This week’s Nature includes a refreshing and soul-searching editorial about retractions. Excerpt (we added links and corrected a misspelling and wrong country in the editorial after a reader noted the errors below):
This year, Nature has published four retractions, an unusually large number. In 2009 we published one. Throughout the past decade, we have averaged about two per year, compared with about one per year in the 1990s, excluding the pulse of retractions of papers co-authored by [
AustrianGerman physicist Jan HendrickHendrik Schön].
Given that Nature publishes about 800 papers a year, the total is not particularly alarming, especially because only some of the retractions are due to proven misconduct. A few of the Nature research journals have also had to retract papers in recent years, but the combined data do no more than hint at a trend. A broader survey revealed even smaller proportions: in 2009, Times Higher Education commissioned a survey by Thomson Reuters that counted 95 retractions among 1.4 million papers published in 2008. But the same survey showed that, since 1990 — during which time the number of published papers doubled — the proportion of retractions increased tenfold (see http://go.nature.com/vphd17).
The editorial highlights “misconduct by journals and the community, an increased ability to create and to detect unduly manipulated images, and greater willingness by journals to publish retractions” as potential reasons for the increase, as well as others. The editors also say that they “deplore” the actions of a group of anonymous group called “Stem Cell Watch” whose apparently unfounded allegations were widely circulated.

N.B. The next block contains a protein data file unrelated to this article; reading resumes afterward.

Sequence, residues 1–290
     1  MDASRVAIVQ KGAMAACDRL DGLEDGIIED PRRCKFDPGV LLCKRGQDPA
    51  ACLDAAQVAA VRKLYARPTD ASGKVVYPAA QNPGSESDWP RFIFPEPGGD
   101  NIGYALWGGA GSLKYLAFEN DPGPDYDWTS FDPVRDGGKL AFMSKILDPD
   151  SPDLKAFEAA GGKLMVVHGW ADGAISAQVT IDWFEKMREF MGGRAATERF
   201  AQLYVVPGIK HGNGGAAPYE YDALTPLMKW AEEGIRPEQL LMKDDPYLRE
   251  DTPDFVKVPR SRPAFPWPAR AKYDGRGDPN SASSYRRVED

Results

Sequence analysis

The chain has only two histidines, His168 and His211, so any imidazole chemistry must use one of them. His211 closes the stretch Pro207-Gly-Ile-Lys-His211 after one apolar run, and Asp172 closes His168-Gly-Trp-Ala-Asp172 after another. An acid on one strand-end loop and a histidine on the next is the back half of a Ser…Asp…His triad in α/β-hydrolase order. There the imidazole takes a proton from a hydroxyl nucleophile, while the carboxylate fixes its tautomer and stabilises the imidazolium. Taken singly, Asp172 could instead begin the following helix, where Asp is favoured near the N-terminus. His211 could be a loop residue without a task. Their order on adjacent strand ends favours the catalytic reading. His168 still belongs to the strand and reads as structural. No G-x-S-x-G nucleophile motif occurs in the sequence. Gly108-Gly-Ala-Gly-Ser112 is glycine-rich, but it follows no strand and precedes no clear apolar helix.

The editorial is worth a read.
For comparison, Science has run one retraction so far this year, and two last year. The Proceedings of the National Academy of Sciences (PNAS) published seven retractions so far this year, and the same number last year — although one of those was of a profile, not a scientific paper.
We welcome the frank discussion. Nature Medicine ran a similar editorial several years ago after a high-profile case in that journal.
We do want to urge Nature to take one step further. In the editorial, they write:
We will also list the retraction on our press release if the original paper was itself highlighted to the media.
We think that should be standard, as we’ve noted.
But take this example: Last month, Amy Wagers, an up and coming stem cell researcher at Harvard, retracted a paper published earlier this year in Nature on a way to rejuvenate blood-forming stem cells. That original study was not press-released. Consistent with the policy in this week’s editorial (and what Nature Publishing Group’s press office told us when we covered the Wagers retraction), the retraction was therefore not press-released.
But the original paper did receive a lot of press attention, thanks to press releases by other institutions, including Wagers’ own Joslin Diabetes Institute. (That release, we should note, has not been updated to include a mention of the retraction.)
So we would like to respectfully suggest that whenever a journal issues a retraction, it sends out a press release. We don’t necessarily think most journals will take us up on this effort at what we think is a step toward greater transparency, any more than we think they’ll take our sister blog up on its suggested embargo policy language designed to do the same thing. But we figured we’d try.